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23 Responses to Escalation on the cards in Ladakh, and screwy developments on the Pangong Fingers the army and government are not being honest about

  1. Sankar says:

    Time will tell, but my hunch is it is Tashkent is all over again where India from a position of strength handed back the hard-won Haji Pir to Pak without gaining anything. Russia upholds its own interest as expected and China extracted as much as it can, but India?
    Another insightful analysis here which will not go very well in Delhi Darbar.

    • RG says:

      They are trying a 62 again ,for ccp festivities next yr they need a win to show for,we still can give them a 71 if we formalize alliances ,exchange notes on what we would need in terms of hardware ,intel etc to push the LAC outwards.

      Non alignment is dead .Am a convert ,I think u should reconsider ur views too ,n pls dont ask me to read staggering ahead again,nothing is static ,things change, they are using Russia to keep us tied even when we have good enough chance of cutting them to size.

      It was USSR treaty that kept china out of 71,we should formalize n weaponize the quad now.

      • Look, the Mod Quad is a far better option. There’s no way the US or any other country will want to take on China in support of India. That’s just how the ball rolls in current international affairs.

      • Sankar says:

        ‘Non-alignment’ is defined in international affairs as a nation-state not allowing any external power to set up military base in its domain of sovereignty. So it is not dead – it is well existing in its full form. Indonesia, Brazil, India, Bangladesh, etc. are non-aligned states. In past India always remained non-aligned even when she signed for a Friendship Treaty with the USSR. The non-alignment movement in international politics is however dead. It was conceived by Nehru, Tito and Nasser as a group of countries then non-aligned. Nehru spearheaded the movement. India will therefore remain non-aligned even it joins Quad without allowing any one of them to set up a military base in India. I think Russia’s use-by-date is up so far as India is concerned. It has been reported:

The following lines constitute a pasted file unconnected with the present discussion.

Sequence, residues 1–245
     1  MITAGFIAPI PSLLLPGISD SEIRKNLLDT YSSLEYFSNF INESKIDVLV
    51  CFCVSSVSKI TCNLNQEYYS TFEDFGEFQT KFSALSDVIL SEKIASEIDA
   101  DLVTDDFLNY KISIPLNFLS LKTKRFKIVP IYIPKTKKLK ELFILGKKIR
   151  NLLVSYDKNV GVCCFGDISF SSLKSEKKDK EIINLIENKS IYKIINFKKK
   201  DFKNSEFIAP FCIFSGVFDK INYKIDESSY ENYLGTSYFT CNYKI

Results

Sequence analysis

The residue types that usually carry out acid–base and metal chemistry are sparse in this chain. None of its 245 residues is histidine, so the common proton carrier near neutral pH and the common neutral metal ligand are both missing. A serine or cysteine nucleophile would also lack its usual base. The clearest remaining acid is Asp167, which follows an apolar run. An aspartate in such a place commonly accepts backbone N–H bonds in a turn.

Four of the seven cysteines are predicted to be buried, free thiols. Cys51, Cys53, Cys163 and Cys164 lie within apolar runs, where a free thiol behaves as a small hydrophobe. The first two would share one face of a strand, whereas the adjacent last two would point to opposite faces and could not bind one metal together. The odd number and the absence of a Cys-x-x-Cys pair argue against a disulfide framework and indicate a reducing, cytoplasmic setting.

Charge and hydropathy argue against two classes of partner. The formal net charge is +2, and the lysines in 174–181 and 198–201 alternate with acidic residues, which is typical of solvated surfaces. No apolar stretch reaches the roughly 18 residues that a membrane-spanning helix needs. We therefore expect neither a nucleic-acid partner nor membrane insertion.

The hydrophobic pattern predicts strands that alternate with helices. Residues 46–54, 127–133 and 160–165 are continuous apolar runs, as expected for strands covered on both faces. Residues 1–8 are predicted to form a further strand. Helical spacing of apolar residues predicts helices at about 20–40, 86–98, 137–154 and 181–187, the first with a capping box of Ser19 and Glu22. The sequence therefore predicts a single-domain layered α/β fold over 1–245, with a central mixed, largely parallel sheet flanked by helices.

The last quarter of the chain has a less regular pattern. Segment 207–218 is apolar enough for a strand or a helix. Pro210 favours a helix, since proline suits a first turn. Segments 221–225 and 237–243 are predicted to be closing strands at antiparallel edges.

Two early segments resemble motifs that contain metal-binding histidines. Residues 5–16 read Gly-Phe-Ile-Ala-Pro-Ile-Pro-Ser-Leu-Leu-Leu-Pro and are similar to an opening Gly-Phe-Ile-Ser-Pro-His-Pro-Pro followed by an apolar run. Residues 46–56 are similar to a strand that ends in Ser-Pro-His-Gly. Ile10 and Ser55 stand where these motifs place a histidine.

“The May incursions took New Delhi by surprise. As Cleo Paskal of the Foundation for Defense of Democracies tells Newsweek, Moscow in April had assured India that large-scale Chinese maneuvers in its Tibet Autonomous Region were not preparations for a move below the Line.”
        https://www.newsweek.com/chinese-army-flops-india-what-will-xi-do-next-opinion-1531170
        Obviously, if this news is true, Russia has misled India. And India must think clearly where her interest will be supported to uphold her sovereignty and reorient her foreign policy accordingly. And this is not an easy game.

  2. Tony says:

    Knowing the multiple blunders these frog-in-well RSS shakha guys have done in all directions in this country, all with best of intentions and truly believing that their know-all mentality is supreme, makes me believe that, like the current economy, Ladakh is another chapter in their disgraceful history. I hope and pray they prove me wrong.

  3. Atamjeet singh says:

    Do the Chinese brass take these interactions serious?

    • Apparently not as seriously as the Indian side

      • Sankar says:

        Oh yes, very seriously depending on how one interprets the outcome as announced by Jaishankar. I mean, there is no reference for going back to “LAC before April 2020”. By default then, China has succeeded to impose its newly drawn LAC which has been unconditionally accepted by India. Henceforth de facto Chinese sovereignty has extended by 200 sq kms (?) since May 2020, India losing that much. Prima facie this is Chinese aggression by stealth – a fait accompli. So Wang must have come very seriously to the meeting to undertake his mission.

  4. vivek says:

    still not able to get what is russia gaining with this? more rivalries between india and china actually benefit russia as india will forced to buy more weapons

  5. An email from a senior military officer:

    Once again; thank you for telling the world all this, Bharat!

    I have been telling my friends both military and civilian, that the whole mess has been caused by military feeble-mindedness – not just ‘caution’.

    When will we ever learn?

    • Sankar says: